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Junior consultants moving to the private sector

Post date: 16/03/2022 | Time to read article: 4 mins

The information within this article was correct at the time of publishing. Last updated 20/05/2022

Here are some frequently asked questions about making the big move into private practice, answered by Medicolegal Consultant, Dr Karen Ellison.

So, you want to do private work? Entering private practice for the first time can be an exciting time for a clinician, but it can also be a minefield if you are not prepared. Worrying about how to go about it and what you need to be aware of is natural. Dr Karen Ellison, Medicolegal Advisor at Medical Protection, provides a handy round-up to help answer some of your questions.

What does private practice mean for me and the GMC?

The GMC requires all doctors to be registered and to hold a license to practice whether they work in the NHS or private practice. Independent practitioners must still have regular appraisals, be subjected to revalidation, and must remain resolutely fit to practice. It goes without saying that your ethical, clinical, and professional standards must withstand scrutiny by the regulator. The GMC guidance within Good Medical Practice from 2013[1] applies to all doctors, no matter where they practise in the UK.

What do I need to look out for with regards to indemnity for private practice?

The GMC in Good Medical Practice (2013) says ‘you must make sure you have adequate indemnity or insurance cover so that your patients are not disadvantaged if you make a claim about the clinical care you have provided in the UK.’

Indemnity is provided in the NHS for claims arising out of NHS work. It will not cover you for claims arising from your private work. Nor will it cover you for assistance with referral to the regulator, any disciplinary proceedings, complaints, inquests, criminal investigations, ethical dilemmas, or general medicolegal advice.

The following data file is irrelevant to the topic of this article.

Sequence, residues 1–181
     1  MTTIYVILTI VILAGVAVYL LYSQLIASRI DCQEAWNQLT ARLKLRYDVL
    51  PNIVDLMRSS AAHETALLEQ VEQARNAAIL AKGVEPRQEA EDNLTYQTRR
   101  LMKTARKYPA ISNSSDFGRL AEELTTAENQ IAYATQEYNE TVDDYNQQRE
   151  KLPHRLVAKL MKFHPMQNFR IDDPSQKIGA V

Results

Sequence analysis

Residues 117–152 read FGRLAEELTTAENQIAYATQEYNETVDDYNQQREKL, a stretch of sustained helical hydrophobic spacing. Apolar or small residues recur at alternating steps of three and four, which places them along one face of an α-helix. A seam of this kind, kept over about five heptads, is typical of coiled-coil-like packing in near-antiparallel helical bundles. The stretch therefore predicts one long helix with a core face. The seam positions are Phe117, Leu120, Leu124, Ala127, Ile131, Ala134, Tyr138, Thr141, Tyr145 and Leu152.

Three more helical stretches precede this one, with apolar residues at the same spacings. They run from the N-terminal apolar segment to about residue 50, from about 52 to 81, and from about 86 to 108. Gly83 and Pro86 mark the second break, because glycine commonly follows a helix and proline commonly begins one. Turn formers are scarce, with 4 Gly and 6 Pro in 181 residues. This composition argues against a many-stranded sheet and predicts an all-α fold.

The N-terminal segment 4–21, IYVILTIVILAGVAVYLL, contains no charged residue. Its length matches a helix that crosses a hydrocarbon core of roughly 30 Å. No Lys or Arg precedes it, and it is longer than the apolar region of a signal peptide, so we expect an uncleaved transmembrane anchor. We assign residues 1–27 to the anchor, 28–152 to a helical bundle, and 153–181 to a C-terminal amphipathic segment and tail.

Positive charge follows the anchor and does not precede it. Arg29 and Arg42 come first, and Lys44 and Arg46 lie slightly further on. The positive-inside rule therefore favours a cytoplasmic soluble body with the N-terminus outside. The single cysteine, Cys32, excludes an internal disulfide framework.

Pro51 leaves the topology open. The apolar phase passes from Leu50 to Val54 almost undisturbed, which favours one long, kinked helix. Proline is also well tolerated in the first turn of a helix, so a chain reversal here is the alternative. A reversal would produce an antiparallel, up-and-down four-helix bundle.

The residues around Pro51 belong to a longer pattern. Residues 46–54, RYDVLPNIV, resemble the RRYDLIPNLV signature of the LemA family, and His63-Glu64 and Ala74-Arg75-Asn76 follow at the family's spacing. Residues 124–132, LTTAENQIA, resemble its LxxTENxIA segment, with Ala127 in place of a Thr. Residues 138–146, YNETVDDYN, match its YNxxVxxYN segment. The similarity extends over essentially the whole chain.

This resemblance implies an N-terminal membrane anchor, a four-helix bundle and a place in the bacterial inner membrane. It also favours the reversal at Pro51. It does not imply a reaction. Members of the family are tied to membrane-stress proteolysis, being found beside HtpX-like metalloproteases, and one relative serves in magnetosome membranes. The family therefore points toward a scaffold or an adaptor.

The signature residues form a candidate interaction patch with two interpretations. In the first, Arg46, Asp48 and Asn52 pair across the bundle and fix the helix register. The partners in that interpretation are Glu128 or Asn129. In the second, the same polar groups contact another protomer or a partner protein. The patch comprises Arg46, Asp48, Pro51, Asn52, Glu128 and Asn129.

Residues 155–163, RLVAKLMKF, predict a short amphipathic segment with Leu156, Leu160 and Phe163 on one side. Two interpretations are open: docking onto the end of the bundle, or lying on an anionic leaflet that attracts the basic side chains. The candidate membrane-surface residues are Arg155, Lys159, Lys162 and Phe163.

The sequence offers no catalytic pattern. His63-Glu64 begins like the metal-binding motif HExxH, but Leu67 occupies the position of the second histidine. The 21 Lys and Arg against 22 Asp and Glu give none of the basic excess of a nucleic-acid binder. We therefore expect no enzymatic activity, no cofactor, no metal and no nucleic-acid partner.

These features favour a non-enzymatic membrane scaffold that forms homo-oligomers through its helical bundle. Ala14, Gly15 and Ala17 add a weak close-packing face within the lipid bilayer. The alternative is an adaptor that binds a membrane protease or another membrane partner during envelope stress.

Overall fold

Make sure your indemnity cover is in place before you start seeing private patients and that it is adequate for the whole of your scope of practice, including any expert reports you undertake. If you are unsure if you have adequate protection, or you need to update us on the type of work you are doing, please contact Medical Protection.

Will I have to employ staff?

Most major private hospitals employ their own staff, but you may be responsible for paying for your secretary, or other specialist technicians you may need to use. Check with individual providers what your practising privileges include. You must make sure that any other healthcare professionals involved with your patients have adequate indemnity, and always check their qualifications if you are involved in their recruitment.

If you do become an employer, you will be bound by the relevant legislation, and it may be wise to seek employment law advice from a suitable qualified solicitor. Sandison Easson can offer expert guidance with this.

Can I advertise?